Gang (Rick) Shu, Georgia Tech
Friday, February 3, 2017 - 12:30pm to 1:30pm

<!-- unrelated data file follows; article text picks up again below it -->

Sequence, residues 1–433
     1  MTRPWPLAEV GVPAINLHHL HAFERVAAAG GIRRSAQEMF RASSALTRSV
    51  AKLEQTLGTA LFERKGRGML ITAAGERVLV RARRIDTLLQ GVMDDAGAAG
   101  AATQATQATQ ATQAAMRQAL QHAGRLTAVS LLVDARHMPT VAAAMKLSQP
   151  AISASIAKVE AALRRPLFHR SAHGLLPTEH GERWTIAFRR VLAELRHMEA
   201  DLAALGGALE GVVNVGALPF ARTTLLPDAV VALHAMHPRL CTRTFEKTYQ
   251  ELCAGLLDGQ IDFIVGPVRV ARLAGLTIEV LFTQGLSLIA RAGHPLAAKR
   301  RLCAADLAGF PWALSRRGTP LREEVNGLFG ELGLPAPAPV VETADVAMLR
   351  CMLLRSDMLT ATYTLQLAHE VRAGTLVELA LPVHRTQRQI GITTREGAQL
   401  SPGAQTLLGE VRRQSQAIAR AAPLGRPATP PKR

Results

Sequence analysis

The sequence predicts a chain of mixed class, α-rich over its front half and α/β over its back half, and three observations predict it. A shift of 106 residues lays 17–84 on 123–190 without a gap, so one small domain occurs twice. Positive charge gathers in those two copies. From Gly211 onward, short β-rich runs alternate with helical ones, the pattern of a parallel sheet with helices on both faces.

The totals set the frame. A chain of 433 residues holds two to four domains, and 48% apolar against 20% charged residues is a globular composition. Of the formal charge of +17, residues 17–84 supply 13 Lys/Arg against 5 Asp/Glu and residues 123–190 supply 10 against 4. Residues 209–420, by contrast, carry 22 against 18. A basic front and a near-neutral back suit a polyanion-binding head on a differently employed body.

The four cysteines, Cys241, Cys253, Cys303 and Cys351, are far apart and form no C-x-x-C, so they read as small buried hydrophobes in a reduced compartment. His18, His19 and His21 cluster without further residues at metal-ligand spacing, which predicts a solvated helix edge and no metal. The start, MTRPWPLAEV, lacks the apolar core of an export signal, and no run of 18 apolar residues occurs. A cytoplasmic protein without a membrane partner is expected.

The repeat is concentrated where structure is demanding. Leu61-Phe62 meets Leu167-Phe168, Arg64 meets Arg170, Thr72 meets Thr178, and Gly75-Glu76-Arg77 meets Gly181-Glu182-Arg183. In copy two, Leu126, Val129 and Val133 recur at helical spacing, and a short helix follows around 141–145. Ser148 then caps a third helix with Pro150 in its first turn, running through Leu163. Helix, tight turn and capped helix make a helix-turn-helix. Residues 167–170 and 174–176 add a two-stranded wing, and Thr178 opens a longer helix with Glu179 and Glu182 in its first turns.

Trapped ions have made steady progress to the point of implementing simple encoding and error correcting schemes. Challenges now lie in engineering larger and scalable systems for calculations beyond single operations. One trend is to employ surface electrode traps with complex geometry: we studied ion motion control and heating on a Sandia Y trap. As ion number and operation complexity grow, an expandable control system is necessary manage multiple ion qubits, ranging from a few to tens: we are developing a master-slave architecture to handle parallel qubit operations based on our current controller. We are also developing a dual tone DDS to implement Raman operations more efficiently on Yb+ ion qubits. The atomic physics tool box and the long interrogation time make ion traps ideal for molecular ion spectroscopy. We studied CaH+ ion's vibrational and rotational spectrums using REMPD. We use both large crystals with a few hundred ions, and three ion crystals that can track every single molecular reaction/dissociation event.